Mr. Kruger, 62, was the first defendant to be sentenced in a widespread bribery conspiracy case that originally ensnared eight people, and was seen as offering yet more evidence of the apparently unending wave of corruption in Albany.

Prosecutors had asked the judge, Jed S. Rakoff of Federal District Court, to impose a prison sentence of 9 to 11 ¼ years, as recommended under the advisory federal guidelines. The judge issued the lesser sentence to Mr. Kruger, citing his “many good deeds.” But he made it clear that such credit was outweighed by the fact that Mr. Kruger had entered into “extensive, long-lasting, substantial bribery schemes that frankly were like daggers in the heart of honest government.”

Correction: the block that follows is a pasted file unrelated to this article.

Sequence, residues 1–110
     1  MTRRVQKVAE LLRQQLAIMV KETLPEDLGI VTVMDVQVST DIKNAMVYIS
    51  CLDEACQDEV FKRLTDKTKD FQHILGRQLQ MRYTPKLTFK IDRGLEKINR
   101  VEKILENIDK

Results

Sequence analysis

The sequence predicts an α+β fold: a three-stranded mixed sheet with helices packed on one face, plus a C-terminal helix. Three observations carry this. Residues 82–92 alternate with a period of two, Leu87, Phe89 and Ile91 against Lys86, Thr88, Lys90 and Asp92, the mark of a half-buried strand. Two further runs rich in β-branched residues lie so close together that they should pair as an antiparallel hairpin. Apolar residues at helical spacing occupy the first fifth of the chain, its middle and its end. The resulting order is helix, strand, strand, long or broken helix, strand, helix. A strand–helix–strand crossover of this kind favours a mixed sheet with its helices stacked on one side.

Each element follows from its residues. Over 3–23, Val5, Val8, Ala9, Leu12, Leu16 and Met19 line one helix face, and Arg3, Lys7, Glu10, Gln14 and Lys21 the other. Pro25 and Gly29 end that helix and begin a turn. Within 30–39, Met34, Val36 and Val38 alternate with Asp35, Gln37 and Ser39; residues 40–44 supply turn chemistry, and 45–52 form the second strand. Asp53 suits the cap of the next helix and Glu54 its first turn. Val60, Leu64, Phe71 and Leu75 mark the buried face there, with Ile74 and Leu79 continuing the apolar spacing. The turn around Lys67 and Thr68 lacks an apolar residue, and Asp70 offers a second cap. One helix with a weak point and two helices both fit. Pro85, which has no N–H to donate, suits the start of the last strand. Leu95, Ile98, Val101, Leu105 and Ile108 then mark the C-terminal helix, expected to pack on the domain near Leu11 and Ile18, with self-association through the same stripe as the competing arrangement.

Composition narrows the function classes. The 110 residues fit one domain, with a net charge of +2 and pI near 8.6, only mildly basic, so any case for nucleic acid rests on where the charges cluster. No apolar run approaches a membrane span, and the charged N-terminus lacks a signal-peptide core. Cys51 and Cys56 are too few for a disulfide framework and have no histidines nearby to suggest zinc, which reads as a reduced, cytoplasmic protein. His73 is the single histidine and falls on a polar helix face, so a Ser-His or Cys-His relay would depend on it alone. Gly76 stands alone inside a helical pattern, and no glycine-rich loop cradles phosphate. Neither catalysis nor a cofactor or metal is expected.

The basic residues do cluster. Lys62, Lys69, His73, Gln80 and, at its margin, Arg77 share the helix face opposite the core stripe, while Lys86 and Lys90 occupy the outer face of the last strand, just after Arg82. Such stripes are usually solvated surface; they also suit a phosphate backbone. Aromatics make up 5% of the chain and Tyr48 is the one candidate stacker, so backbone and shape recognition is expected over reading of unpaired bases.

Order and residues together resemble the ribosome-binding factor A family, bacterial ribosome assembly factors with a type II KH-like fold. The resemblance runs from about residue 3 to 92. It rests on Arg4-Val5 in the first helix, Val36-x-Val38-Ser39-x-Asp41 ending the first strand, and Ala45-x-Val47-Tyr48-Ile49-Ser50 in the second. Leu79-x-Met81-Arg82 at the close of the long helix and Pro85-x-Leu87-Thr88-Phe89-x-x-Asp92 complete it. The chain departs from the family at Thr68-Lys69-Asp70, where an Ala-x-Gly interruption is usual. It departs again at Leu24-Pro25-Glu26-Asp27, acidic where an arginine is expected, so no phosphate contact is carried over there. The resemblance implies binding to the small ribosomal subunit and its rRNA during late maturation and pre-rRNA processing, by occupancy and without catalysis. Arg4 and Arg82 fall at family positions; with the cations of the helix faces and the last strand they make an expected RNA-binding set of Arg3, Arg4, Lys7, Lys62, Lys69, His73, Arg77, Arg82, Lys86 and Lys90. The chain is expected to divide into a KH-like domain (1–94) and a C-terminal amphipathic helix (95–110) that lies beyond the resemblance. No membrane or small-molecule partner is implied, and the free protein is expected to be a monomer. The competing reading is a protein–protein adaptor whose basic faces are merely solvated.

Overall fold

Judge Rakoff said it was difficult to overstate the evils that are wrought when government officials succumb to bribery, “let alone one of Mr. Kruger’s power and prominence.”

“We have only to look at other countries,” he said, “to see that once corruption takes hold, democracy itself becomes a charade, justice becomes a mere slogan camouflaging a cesspool of self-interest.”

Before he was sentenced, Mr. Kruger rose and delivered a short statement, keeping his emotions largely in check. “My actions will forever overshadow whatever legacy I managed to achieve,” he said. He added, “I have no one but myself to blame, and that reality will haunt me for the rest of my life.”

Mr. Kruger, who was elected to the State Senate in 1994 and rose to become the chairman of the Senate Finance Committee, had been accused by the authorities of accepting more than $1 million in bribes from two hospital executives, a prominent lobbyist and a health care consultant. In return, he agreed to take official action to benefit them or their clients, prosecutors said.